The Importance of Prioritisation
Lessons learned from the engineering days
Many years back, and to what might feel ancient today, I started my career as an RF and electromagnetic engineer, working on Signal Analysers. The scope of work in resolving engineering problems lied specifically in identifying root causes of product failures and liaising with vendors.
As with any production, the end goal was to continuously increase yield (high pass rate), as lower failures would mean lesser rework resources and part wastage and higher product fulfilment — which ultimately leads to high revenue.
Given the enthusiastic person I am when I have a mission in mind, I volunteered to as many tasks as possible, hoping it will improve my learning curve. I worked late at nights and over the weekends, yet I wasn’t able to fully solve the problems. It was bits and pieces, here and there.
Was I spreading myself too thin?
I quickly learn that over-promising and under-delivering to your reporting manager wasn’t a great idea. I took a cue from more successful colleagues and observed their pattern. I started working one thing at a time, resolving one problem before moving to another. This surely strengthened the ability to focus and problem-solve, before stepping into the game of a more challenging role.
Hang on to the goals
Fast forward to a few years, I pursued the application and consultation part of electromagnetic engineering, and it was one of my favourite segments in the engineering cycle of R&D, coding, production, sales, application and consultation. My role is to support clients who used these instruments and it ranges widely from all types of industries from electronics, oil and gas, power grids, satellites, car manufacturer, train problem-solving, you name it.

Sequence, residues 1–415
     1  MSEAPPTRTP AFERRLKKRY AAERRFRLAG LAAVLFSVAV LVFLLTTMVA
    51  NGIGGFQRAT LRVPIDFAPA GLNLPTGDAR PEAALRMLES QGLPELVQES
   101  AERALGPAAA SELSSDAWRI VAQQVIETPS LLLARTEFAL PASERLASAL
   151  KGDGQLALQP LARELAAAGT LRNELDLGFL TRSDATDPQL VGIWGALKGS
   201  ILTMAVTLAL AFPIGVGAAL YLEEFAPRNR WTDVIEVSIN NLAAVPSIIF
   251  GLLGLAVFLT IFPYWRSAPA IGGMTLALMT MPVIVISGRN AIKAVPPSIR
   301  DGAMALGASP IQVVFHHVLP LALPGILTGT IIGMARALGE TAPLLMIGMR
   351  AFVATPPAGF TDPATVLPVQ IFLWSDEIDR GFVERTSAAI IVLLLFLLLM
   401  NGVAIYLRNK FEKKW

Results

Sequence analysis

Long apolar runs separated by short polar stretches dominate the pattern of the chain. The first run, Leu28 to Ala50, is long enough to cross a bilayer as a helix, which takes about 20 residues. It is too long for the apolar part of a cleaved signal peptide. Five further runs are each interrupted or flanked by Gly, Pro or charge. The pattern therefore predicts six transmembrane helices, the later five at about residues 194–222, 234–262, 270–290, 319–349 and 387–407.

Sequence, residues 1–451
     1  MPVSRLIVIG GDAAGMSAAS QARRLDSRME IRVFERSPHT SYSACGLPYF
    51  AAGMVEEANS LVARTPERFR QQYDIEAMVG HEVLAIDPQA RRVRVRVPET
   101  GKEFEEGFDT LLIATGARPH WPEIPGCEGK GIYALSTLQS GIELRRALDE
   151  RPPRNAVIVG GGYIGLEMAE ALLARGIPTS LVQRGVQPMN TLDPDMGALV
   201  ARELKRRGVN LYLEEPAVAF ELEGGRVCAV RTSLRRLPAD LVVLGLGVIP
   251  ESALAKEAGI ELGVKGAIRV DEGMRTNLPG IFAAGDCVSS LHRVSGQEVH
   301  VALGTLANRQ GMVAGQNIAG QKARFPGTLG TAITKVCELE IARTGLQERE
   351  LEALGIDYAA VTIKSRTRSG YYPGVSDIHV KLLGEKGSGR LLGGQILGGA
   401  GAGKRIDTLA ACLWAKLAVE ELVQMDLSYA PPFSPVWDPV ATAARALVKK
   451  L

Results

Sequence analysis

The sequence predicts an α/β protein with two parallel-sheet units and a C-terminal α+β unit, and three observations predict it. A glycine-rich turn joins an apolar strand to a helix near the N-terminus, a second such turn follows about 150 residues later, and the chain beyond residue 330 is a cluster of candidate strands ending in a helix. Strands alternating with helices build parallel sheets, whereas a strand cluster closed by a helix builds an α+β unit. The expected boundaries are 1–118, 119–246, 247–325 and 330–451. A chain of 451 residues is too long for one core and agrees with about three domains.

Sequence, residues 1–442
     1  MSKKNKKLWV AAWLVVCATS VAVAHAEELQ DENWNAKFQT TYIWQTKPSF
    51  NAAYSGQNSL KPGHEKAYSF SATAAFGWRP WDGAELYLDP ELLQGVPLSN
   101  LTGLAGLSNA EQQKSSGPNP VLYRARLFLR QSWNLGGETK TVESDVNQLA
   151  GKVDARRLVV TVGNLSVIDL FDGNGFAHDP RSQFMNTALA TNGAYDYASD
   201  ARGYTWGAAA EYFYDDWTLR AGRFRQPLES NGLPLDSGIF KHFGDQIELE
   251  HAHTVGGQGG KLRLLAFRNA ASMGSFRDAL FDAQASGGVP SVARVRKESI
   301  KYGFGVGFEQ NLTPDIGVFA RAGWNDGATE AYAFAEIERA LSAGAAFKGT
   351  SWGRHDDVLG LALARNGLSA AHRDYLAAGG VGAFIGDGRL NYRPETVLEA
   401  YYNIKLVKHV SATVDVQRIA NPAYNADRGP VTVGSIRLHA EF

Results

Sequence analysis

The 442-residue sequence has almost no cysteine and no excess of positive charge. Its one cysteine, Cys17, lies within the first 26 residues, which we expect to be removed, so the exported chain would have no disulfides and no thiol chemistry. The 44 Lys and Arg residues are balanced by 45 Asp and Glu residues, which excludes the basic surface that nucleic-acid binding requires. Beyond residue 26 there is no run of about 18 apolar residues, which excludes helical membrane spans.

Back then, I was the only female application engineer supporting Singapore and Malaysia, and occasionally other countries in South East Asia (SEA).
I remember so many instances when I was called in to resolve multi-million manufacturing issues, client’s first reaction when they see me would be “I asked for an “expert engineer”.
Over time, ignoring these remarks, having a sales team of supportive men, and consistently focusing on the goal of solving problems, helped me win not only the best employment award but also in gaining repeat clients. But it was also the first time I fully understood what gender discrimination was.
Patience is key
One of my vivid memories is a large Japanese firm I consulted. Their line was down for two weeks and that means they were bleeding loss profusely. Their engineer were under high stress. I was called to solve the problem and I noticed very pissed off managers. It did not bother me but as I sat with the engineers to get a laydown of the issues, the vibe and motivation was devastatingly low
It took a lot of effort on their end to focus on the problem and resolve it, instead of letting the sentiments of the problem affect their abilities. It took us 2 days to find the root cause and a lesson learnt for life
The art of concentration
The power of focus is utmost crucial, where it’s that 20 mins or that 1 hour, depending on the individuals. Anything that doesn’t maximise your time is not going to return the most benefits. If you need to take a break, take time out, flush out thoughts, meditate, it would be definitely beneficial.
At the end of the day, results matter
As years passed by, as I step up from an engineer to a manager, to a consultant to a CEO. I noticed the same issue all across the chain. Those who are unable to prioritise, failed miserably.
You can choose to focus on improving your weaknesses, or sharpening your strengths. While we always want to be better people in life, being able to focus on what we are good at and master it to our benefits has higher chances of success
Life is definitely an journey of mistakes made and lessons learnt. Experiencing this, exploring the changes and enjoying the journey makes a life worth living